Washington, D.C. - The Electronic Frontier Foundation (EFF) and the American Civil Liberties Union of the National Capital Area (ACLU-NCA) urged a U.S. appeals court today to reject government claims that federal agents have an unfettered right to install Global Positioning System (GPS) location-tracking devices on anyone's car without a search warrant.

In this case, FBI agents planted a GPS device on a car while it was on private property and then used it to track the position of the automobile every ten seconds for a full month, all without securing a warrant. In an amicus brief filed today, EFF and the ACLU-NCA argue that unsupervised use of such tactics would open the door for police to abuse their power and continuously track anyone's physical location for any reason -- never having to go to a judge to prove the surveillance is justified.

"This gives police unbridled discretion to collect location data on everyone, even if there are no reasonable grounds for suspicion," said EFF Civil Liberties Director Jennifer Granick. "Investigators could track Americans on a whim -- 24 hours a day, seven days a week."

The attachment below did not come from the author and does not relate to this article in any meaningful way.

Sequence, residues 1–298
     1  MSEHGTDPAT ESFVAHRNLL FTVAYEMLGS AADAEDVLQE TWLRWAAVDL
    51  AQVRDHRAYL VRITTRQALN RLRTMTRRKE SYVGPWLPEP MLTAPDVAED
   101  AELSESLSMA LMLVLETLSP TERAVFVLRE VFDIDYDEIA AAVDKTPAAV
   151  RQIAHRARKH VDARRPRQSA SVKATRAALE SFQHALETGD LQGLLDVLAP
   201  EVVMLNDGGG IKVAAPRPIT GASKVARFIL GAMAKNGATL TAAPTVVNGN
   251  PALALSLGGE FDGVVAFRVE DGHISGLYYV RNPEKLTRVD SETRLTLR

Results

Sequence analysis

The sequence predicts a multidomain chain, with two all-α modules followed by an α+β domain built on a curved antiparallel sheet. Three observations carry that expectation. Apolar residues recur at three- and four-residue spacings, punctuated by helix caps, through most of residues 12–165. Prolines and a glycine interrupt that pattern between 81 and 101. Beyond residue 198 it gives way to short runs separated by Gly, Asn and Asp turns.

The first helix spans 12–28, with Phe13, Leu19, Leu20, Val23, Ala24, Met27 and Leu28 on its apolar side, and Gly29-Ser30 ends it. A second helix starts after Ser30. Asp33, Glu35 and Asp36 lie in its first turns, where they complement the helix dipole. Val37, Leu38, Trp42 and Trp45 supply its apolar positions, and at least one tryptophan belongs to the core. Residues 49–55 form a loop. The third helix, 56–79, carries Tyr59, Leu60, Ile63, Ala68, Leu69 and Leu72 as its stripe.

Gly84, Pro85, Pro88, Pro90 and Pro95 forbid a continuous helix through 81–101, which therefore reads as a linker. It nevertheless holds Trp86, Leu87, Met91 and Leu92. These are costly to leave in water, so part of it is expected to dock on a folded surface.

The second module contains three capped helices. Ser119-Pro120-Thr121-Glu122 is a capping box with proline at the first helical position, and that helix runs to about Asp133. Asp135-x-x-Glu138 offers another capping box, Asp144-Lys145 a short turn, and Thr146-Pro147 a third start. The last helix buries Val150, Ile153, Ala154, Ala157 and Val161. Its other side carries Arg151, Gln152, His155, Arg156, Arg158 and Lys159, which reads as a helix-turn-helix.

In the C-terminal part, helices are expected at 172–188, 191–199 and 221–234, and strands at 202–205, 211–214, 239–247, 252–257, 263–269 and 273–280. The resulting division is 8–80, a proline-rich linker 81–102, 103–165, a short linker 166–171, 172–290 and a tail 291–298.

At the same time, the cost of GPS tracking is dropping dramatically, while the accuracy keeps improving. This would allow law enforcement to create a massive database of Americans' movements without any judicial oversight whatsoever.

"GPS tracking enables the police to know when you visit your doctor, your lawyer, your church or your lover," said Arthur Spitzer, Legal Director of the ACLU-NCA. "And if many people are tracked, GPS data will show when and where they cross paths. Judicial supervision of this powerful technology is essential if we are to preserve individual liberty."

Daniel Prywes and Kip Wainscott of Bryan Cave LLP also volunteered their services to assist in preparing the EFF-ACLU brief

For the full amicus brief:


Jennifer Stisa Granick
Civil Liberties Director
Electronic Frontier Foundation

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